Ethel Long Scott of the Women's Economic Agenda Project adds that competition over "pitiful" child care subsidies is one of the ways the new law contributes to conflicts between welfare recipients and "near-poor working people." Reporters can't miss the irony of a policy that, in forcing welfare recipients to rely on child care to meet workfare rules, reduces the availability of child care for many of the working poor who relied on it, thus pushing many of them back on to the welfare rolls.
What's more, after being told that looking after their own children is not work, some poor women are now being given workfare assignments to look after other women's children. Halpern sees an important story in this de facto deregulation of child care: Women providing child care services for workfare "credit," she notes, aren't screened or trained, and there are no health or safety standards.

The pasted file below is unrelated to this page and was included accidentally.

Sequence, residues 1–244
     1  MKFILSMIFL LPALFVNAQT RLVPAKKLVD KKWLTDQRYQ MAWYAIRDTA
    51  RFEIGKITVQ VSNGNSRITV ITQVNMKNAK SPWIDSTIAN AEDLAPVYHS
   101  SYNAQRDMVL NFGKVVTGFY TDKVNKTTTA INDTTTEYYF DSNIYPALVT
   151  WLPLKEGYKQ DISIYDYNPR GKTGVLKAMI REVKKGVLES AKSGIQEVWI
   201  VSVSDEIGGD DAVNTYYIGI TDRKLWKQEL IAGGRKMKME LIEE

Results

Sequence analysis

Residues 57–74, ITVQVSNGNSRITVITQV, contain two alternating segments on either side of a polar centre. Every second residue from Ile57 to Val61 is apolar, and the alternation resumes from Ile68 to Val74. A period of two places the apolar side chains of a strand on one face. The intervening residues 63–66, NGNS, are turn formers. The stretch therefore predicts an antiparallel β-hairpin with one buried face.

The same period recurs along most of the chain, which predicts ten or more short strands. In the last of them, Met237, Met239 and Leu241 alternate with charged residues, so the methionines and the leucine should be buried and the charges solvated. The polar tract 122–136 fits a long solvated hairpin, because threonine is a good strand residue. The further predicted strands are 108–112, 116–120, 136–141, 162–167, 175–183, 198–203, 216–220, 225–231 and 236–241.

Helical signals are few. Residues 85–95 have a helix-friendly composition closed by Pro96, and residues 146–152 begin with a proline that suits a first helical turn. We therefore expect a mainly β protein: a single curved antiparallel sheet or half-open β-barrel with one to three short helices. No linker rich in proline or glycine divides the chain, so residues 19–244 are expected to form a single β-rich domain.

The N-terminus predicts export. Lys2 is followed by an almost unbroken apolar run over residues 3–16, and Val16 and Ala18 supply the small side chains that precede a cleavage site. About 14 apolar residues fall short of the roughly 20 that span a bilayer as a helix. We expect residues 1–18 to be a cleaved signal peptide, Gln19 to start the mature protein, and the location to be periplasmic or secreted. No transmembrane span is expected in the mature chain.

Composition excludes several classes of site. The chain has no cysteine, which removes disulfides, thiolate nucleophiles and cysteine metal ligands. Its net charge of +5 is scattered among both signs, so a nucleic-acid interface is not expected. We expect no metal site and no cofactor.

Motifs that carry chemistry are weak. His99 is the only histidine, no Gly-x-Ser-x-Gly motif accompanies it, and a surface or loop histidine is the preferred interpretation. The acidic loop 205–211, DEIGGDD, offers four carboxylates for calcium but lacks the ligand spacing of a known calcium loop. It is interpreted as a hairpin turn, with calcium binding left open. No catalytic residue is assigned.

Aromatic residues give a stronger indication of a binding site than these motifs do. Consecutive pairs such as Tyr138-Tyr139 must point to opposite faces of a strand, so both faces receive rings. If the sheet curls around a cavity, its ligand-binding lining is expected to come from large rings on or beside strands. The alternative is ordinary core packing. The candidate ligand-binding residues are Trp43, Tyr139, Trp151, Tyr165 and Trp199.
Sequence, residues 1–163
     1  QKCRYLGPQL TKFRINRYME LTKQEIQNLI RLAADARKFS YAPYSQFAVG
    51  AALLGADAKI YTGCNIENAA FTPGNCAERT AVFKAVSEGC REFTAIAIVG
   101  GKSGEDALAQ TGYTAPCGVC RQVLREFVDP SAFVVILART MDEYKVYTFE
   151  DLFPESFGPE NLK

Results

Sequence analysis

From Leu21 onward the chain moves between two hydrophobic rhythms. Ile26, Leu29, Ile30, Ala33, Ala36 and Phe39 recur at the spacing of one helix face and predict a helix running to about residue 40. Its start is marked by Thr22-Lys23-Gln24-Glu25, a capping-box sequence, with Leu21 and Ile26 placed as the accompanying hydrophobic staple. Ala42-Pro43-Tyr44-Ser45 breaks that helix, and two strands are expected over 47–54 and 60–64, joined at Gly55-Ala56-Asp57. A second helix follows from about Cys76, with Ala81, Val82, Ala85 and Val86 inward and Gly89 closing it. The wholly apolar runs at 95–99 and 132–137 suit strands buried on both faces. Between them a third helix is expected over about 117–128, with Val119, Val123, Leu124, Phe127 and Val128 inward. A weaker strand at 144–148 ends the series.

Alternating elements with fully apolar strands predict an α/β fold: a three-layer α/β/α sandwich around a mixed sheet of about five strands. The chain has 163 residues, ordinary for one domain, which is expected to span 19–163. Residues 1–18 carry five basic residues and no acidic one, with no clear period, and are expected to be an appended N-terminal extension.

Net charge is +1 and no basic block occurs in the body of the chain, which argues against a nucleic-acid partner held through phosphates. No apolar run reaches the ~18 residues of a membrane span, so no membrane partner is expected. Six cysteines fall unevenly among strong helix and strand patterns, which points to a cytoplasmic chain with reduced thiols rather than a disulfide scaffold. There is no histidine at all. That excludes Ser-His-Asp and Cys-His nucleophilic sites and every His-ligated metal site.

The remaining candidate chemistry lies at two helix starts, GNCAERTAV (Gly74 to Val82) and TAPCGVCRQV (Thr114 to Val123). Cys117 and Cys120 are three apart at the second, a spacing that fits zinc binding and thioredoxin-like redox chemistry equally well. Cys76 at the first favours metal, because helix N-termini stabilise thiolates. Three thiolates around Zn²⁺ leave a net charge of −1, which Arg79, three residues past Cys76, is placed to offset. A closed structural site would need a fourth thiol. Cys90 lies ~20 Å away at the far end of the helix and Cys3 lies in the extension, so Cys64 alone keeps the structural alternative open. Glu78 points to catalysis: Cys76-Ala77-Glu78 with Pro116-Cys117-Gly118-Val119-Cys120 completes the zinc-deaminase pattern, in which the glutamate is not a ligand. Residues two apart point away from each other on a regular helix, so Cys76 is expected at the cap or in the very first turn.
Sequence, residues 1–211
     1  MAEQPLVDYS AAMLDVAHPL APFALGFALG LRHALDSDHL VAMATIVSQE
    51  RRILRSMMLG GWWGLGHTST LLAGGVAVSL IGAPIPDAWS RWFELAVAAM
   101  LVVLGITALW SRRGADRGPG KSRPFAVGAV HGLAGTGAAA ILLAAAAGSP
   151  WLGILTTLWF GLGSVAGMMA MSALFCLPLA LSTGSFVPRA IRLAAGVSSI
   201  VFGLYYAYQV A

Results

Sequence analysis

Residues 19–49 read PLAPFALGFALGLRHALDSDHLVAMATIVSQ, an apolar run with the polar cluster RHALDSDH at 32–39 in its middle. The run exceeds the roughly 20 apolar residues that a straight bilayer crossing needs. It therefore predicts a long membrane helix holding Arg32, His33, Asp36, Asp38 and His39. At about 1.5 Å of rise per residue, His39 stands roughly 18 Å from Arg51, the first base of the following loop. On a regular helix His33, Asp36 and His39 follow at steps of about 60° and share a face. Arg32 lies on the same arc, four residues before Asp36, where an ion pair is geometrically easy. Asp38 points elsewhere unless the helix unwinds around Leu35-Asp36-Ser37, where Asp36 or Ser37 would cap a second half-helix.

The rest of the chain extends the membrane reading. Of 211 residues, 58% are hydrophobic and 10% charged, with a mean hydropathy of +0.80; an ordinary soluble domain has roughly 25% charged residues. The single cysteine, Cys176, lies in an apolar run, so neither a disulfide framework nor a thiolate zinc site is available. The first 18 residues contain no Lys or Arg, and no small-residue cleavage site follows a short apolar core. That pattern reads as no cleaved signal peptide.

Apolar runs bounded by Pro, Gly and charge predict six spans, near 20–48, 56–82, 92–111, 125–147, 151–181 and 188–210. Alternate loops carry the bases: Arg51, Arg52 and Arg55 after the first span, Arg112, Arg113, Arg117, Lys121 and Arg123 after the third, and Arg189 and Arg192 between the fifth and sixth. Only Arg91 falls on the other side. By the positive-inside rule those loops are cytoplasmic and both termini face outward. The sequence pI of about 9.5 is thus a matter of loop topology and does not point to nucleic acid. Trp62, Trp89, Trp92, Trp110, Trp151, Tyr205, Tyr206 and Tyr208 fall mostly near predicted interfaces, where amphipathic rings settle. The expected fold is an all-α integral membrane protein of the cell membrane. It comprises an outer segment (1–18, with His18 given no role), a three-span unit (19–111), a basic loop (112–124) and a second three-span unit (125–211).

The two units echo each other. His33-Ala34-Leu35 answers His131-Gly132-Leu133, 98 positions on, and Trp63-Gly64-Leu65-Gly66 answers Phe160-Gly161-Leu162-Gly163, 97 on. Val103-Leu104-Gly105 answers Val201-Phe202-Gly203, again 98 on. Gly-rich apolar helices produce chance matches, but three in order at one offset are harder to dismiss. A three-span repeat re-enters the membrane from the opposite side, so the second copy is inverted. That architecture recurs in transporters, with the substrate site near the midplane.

Though many states are promoting welfare reform as a way to "keep families together," strict time limits on welfare can trap women in abusive situations at home and at the worksite. Martha Davis, legal director of the NOW Legal Defense and Education Fund, told Jennifer Gonnerman (Nation, 3/10/97) that it's "likely to result in human tragedy if women are stalked in the workplace, but feel they can't change jobs or stop going to work . . . because they'll lose their benefits-or if women in abusive relationships feel they can't leave because there is no safety net for them any longer."
Domestic violence experts are also concerned about child support provisions. The new law permits federal authorities to force custodial parents to cooperate in establishing the paternity of their children or be denied food stamp benefits. Though waivers are available for women in violent situations, many may choose to give up food stamps rather than risk reprisals from abusive partners, and the grounds on which women can receive waivers are still unclear.